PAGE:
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The very least you need is the #10 ground. It can be green insulated or bare copper. The additional #6 is the typical way of installing a subpanel to provide for 240V service, but is not strictly required if you only need to use 120V. If you stick with a single hot wire, you'll need to jump that hot to both sides of the subpanel or only use every other set of slots. I'd probably get a split bolt connector rated for three #6 copper wires, and make two short #6 jumpers from the incoming hot to each of the panel hot lugs. You then wrap the whole thing up with a couple layers of good heavy electrical tape.

Technically speaking the neutral wire should be solid white insulated, however it is fairly common practice to use black wire and wrap the last foot or so with white electrical tape so it is clearly marked as the neutral wire.
 
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Old 11-02-15, 11:03 AM
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Clarification:

You need the #10 to bond the equipment grounds of the two panels together.

You also need a ground rod at the subpanel, connected to the equipment ground. The purpose of this is to keep the earth potential close to the equipment ground potential in the vicinity of the outbuilding.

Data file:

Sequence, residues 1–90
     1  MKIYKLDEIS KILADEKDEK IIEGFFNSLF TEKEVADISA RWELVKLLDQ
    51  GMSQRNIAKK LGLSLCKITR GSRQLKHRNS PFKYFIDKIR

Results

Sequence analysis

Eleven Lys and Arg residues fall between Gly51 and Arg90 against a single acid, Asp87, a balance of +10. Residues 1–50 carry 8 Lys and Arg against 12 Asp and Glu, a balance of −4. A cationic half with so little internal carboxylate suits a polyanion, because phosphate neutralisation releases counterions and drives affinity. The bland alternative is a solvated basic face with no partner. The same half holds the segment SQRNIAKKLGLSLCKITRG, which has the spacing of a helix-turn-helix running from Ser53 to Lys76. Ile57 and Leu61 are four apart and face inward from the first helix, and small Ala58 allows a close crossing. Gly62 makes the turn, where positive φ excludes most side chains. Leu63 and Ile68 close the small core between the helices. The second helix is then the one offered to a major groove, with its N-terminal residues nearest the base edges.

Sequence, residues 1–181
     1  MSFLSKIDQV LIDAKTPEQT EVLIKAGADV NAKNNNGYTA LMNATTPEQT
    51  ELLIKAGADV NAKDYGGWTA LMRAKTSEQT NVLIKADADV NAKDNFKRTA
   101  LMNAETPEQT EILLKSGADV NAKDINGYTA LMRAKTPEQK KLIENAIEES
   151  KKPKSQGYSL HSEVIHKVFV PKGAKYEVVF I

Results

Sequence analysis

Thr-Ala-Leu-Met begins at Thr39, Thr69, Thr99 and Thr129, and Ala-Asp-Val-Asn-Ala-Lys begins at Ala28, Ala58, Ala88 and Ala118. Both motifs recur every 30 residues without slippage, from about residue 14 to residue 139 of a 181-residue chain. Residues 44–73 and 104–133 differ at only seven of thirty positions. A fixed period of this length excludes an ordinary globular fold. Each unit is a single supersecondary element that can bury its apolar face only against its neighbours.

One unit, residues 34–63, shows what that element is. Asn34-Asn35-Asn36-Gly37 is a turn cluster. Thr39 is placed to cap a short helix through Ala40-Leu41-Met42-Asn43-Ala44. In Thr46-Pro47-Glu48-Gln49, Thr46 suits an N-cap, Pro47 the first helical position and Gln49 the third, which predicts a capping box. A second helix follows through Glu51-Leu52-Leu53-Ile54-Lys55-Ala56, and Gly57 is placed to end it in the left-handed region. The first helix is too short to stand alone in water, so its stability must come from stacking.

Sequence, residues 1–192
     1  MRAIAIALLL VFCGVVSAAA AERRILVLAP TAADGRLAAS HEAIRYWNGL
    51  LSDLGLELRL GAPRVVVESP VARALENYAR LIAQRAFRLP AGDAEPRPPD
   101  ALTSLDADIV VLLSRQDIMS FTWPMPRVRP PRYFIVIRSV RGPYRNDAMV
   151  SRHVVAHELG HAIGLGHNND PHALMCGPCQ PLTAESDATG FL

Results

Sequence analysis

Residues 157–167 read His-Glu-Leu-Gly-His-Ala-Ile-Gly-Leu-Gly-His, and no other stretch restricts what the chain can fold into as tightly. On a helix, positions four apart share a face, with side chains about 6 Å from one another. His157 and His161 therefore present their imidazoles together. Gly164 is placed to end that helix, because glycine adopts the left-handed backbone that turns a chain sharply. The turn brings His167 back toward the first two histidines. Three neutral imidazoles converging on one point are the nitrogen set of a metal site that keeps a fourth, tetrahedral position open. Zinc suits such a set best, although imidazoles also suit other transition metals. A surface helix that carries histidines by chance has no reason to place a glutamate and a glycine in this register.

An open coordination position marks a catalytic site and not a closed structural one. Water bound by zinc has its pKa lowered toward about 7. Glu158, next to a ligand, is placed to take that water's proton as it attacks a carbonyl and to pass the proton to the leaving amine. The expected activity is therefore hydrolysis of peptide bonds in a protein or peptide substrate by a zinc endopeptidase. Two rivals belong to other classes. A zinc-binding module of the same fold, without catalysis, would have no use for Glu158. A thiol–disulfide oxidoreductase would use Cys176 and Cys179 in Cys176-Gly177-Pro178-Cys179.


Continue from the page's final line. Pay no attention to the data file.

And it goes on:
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Old 11-05-15, 03:47 PM
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Sub-Panel @ Out-building

Thanks to all of you for your assistance. Separated the neutral bar from the ground bar at the sub panel and attached the wires accordingly. Added a #10 green coated wire for ground between the two panels, used 1 #6 hot leg for 120v and the second #6 for the neutral, then ran the solid copper equipment ground to the rod. Hooked up the hot leg at the main panel to one of side of the double pole 50amp, the white #6 to neutral and the green #10 to ground.

Works perfectly as a 120v sub panel and looks to be a safe system.

Thanks again!!!
 
  #11  
Old 11-05-15, 06:11 PM
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Thanks for letting us know how it came out.